Simple and Registered Devices

Simple I2C devices such as parallel I/O ports contain only one register that is located at the base address of the chip. Accessing such a device involves merely addressing the chip and then performing a read or write operation. There are a number of devices, however, that contain multiple internal locations. These include memories, real time clocks, and data converters. Memory devices contain a linear memory array whereas other devices might have multiple data registers and control and status registers located at various internal addresses. Regardless of the implementation details, it is obvious that some means of specifying the internal address is required. Selecting such a devices internal address involves the standard sequence of establishing a START condition followed by a transmittal of the slave address with the command bit set to write. The next byte transmitted is the actual register address which effectively sets the devices internal address generator to its initial value. I2C allows combining the initial register addressing phase and the subsequent data transfer phase into a single functional sequence. In the case of a registered write operation, the slave will already have been placed into write mode prior to the transmission of the register address. Any subsequent data transmitted to the slave will be deposited into the specified internal location. A read operation requires one additional step. Since the slave is in write mode following the register address transmission, it must be explicitly prepared for a read operation. One way to turn the line around is to conclude the write sequence by setting the STOP condition and by explicitly starting a new read operation. Although this works, it does incur additional, and unnecessary, overhead. This inefficiency can be circumvented by skipping the STOP condition and, instead, immediately issuing a 5-66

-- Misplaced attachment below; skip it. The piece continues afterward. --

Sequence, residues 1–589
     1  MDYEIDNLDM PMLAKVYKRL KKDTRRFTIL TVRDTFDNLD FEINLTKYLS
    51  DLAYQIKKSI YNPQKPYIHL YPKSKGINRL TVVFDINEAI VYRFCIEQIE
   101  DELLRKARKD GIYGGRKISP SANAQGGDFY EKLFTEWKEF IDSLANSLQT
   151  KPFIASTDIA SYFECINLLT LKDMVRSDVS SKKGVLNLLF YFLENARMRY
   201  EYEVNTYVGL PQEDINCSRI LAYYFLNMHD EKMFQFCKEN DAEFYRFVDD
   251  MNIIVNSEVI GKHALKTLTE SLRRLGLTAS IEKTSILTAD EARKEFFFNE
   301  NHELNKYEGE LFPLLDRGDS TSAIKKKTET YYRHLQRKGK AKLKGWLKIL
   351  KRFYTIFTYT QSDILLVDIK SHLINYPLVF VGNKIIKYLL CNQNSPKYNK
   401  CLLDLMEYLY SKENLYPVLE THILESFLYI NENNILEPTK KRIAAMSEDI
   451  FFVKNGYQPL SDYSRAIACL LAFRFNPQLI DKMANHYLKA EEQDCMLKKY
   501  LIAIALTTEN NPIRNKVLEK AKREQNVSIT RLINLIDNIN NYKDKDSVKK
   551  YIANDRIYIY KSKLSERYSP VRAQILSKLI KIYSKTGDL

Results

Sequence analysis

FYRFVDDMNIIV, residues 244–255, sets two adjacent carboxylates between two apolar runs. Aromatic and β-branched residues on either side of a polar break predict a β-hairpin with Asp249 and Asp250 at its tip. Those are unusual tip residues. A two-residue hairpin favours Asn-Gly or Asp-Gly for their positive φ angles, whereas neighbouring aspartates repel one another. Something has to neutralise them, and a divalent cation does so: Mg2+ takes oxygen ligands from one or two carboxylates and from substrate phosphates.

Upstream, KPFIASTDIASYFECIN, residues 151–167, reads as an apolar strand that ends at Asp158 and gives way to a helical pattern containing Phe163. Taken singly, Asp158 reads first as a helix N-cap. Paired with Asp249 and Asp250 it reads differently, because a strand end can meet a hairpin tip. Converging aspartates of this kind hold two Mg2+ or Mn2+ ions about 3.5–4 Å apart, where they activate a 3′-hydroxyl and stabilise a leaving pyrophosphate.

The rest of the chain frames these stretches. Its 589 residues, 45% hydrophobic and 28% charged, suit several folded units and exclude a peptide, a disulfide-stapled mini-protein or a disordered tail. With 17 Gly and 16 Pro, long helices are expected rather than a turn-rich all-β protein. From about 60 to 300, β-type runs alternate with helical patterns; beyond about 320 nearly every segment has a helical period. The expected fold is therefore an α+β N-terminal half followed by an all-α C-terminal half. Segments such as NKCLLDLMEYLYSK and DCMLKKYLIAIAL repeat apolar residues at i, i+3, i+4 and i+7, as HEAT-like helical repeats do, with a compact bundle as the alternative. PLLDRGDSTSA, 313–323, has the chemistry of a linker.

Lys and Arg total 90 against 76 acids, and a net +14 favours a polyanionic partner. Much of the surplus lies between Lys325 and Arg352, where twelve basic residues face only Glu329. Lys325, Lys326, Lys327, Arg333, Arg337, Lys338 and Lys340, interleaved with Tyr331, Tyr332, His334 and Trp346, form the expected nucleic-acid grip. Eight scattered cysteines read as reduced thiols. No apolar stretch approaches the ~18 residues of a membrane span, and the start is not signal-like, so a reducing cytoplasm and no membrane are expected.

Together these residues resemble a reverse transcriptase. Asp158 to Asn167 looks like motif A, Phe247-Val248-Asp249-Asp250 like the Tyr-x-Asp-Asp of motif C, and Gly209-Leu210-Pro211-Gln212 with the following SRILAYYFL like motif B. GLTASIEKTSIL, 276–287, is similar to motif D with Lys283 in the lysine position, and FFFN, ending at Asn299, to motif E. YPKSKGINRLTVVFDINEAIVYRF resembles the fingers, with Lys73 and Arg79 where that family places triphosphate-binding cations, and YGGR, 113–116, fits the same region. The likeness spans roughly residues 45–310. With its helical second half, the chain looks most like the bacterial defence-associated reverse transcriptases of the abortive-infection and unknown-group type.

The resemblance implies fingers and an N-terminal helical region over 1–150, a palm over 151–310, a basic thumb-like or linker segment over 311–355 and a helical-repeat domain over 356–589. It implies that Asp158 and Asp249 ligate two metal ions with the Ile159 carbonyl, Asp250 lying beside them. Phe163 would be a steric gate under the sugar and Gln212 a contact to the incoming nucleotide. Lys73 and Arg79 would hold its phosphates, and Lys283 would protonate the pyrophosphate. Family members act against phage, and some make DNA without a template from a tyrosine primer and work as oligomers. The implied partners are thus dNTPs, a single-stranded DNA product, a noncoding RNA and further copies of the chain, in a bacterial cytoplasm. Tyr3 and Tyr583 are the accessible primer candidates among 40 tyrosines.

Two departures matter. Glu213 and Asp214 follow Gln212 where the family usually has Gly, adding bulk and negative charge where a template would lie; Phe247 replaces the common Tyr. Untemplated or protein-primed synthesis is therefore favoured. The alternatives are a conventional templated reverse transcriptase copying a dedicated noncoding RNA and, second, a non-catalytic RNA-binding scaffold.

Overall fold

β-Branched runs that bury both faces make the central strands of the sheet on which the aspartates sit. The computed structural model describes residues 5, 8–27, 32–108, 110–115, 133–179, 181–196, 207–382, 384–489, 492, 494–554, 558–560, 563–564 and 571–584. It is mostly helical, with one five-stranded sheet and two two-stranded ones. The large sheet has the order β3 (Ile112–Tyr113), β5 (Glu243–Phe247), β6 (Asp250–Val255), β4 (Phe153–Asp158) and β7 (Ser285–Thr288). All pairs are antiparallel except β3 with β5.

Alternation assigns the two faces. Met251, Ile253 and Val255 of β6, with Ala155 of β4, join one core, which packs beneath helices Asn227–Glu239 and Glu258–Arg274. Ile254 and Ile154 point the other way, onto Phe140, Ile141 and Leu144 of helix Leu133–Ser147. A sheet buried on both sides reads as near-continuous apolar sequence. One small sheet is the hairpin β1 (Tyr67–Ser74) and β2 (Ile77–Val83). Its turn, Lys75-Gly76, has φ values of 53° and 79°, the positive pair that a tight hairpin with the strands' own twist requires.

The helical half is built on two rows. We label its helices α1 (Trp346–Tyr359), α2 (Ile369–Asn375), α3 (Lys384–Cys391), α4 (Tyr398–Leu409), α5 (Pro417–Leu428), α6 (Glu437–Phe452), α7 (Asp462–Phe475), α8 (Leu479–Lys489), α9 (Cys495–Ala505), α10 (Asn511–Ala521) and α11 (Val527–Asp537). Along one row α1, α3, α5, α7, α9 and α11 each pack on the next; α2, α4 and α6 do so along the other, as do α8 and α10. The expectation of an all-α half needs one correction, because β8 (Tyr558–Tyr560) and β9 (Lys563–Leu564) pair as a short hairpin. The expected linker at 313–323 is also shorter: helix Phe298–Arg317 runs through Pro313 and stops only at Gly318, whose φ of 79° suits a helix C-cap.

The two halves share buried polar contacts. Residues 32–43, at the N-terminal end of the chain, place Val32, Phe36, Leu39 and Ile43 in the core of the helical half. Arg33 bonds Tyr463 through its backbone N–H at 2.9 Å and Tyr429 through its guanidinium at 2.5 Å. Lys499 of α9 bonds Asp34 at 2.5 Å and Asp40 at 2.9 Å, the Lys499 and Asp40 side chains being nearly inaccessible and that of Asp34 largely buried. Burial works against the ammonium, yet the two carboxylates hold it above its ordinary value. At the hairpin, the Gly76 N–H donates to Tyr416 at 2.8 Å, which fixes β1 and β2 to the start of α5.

A Generic I2C Driver

Although the basic functions of an I 2C driver can be partitioned in a seemingly endless number of ways, the approach adopted greatly limits the possible permutations without being overly restrictive. The driver module contains four user callable entry points for reading and writing to both simple and registered devices. In order to confine the number of variations, and to conserve code space, the registered I2C support routines operate a byte at a time and, therefore, do not support streaming at the driver level.


Figure 1. Two-Wire Protocol Timing Data Validity



Start and Stop Definition





Acknowledge Response from Receiver